It's easier said than done, what the old man is explaining. Jac’s brow knits with argument, if she stops caring completely, then is she really better than what they're up against? Maybe it's the same question that weighs on Ben now, with that tired and defeated look. Maybe that itself is part of the lesson.


The young teen moves as her weight settles on her feet again. What she has to do, what the purpose of the whole lesson, what every lesson has been is to survive. Not just win, but survive. And to do that she needs to use everything that's ever been used against her. So she moves, even before checking her stance. Surprise is on her side.

The sword in her hands cuts audibly through the air. Jac keeps the strike low, but angled upward to take out knees and legs like stalks of bamboo.

It works, Squeaks gets the satisfaction of seeing Ben surprised as the old man is thrown off balance and - without time to even think about saving himself with his ability - Ryans is left dazed on the floor. His sword clattering away from his grip. There is a grimace of pain and his head thuds against the floor, defeated.

“Good,” Ben grunts out when he can finally form words. Levering himself up, there is a grimace, Ryans would be stopping by the medic. “Good,” he gasps out, reaching out to pat her arm. A clear indicator that the lesson for the day was over.

God, he was getting too old for all of this.

Oh ye of so little faith

Training Hall, Praxis Ziggurat

8:22 am

February 7, 2020

Don't doubt it (Don’t doubt it)

Victory is in my veins

I know it (I know it)

And I will not negotiate

I'll fight it (I’ll fight it)

I will transform

I will transform

Feet slide with the hush of cotton socks against the training room floor as Jac narrowly avoids the end of a leather-wrapped practice blade. Her own lies on the opposite side of the room, jealously guarded by the ageless, dark haired woman she faces. Blue eyes flick from Joy to the weapon just out of reach. It's the only clue offered…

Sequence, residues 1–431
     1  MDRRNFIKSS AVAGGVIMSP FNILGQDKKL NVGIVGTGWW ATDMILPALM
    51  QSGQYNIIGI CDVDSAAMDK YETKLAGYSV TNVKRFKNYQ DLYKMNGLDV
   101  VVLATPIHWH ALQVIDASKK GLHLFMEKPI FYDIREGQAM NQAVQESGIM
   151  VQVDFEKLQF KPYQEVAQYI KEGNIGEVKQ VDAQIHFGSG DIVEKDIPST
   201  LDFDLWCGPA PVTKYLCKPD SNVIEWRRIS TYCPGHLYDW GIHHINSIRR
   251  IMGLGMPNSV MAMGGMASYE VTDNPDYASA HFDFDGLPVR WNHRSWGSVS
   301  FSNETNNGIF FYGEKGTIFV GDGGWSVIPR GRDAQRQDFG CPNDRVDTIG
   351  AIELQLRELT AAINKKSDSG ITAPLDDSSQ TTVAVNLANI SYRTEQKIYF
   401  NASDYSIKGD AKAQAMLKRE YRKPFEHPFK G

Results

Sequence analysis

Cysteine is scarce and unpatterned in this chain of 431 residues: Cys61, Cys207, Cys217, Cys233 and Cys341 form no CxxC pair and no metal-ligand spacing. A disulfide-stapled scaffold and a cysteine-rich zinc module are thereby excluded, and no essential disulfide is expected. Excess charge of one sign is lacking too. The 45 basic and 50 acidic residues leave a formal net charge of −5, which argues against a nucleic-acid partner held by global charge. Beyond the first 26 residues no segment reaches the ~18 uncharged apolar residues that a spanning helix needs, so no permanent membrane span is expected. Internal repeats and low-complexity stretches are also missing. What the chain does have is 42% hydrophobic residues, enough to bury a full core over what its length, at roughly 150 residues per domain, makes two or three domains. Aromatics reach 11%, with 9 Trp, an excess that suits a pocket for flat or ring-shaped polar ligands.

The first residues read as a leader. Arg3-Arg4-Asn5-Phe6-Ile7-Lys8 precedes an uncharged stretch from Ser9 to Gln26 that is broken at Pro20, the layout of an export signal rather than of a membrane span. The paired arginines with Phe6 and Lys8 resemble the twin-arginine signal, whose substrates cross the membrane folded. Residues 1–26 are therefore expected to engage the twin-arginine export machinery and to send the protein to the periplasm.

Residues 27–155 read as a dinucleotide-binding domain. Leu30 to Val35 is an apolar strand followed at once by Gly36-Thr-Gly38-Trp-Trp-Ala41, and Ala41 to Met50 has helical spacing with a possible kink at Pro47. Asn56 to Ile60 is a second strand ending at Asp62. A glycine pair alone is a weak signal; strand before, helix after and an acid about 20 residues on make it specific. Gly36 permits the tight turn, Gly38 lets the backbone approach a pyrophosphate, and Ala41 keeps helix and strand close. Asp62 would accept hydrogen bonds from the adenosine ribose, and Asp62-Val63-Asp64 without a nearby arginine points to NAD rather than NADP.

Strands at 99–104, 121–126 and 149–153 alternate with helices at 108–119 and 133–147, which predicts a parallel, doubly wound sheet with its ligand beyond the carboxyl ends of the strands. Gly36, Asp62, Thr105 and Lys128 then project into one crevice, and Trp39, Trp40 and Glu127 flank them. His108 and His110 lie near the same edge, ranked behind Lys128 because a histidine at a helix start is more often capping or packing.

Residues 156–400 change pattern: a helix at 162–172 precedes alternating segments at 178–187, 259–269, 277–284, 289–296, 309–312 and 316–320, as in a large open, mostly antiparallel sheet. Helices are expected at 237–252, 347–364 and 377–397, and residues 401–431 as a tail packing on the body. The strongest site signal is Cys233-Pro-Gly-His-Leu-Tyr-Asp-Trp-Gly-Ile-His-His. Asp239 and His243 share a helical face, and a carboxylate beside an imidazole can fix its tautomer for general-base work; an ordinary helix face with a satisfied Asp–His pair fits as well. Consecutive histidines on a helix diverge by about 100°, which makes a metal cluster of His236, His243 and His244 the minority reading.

…before the young teen dives, tucking her small frame into a narrow roll in order to reclaim her sword.

It vanishes from her hand, disappearing in a collapsing blur that feels like it forces her hand to close around it. In that same instant, it appears in Joy’s outstretched hand and is joined by her other practice sword. It’s not fair. It’s cheating. But this is exactly what is going to happen should Jac truly need to face down the entity — Uluru — by herself. Joy thrusts forward with one sword, then follows through with the other in an overhead chop.

Jac’s head slants to the side, eyes finding Joy now with two swords. She should move. For a split second instinct tells her — demands — she claims distance from the attacks that aren’t likely to hurt her. That could put her into a worse position. But so could not moving out of the way.

The instant passes.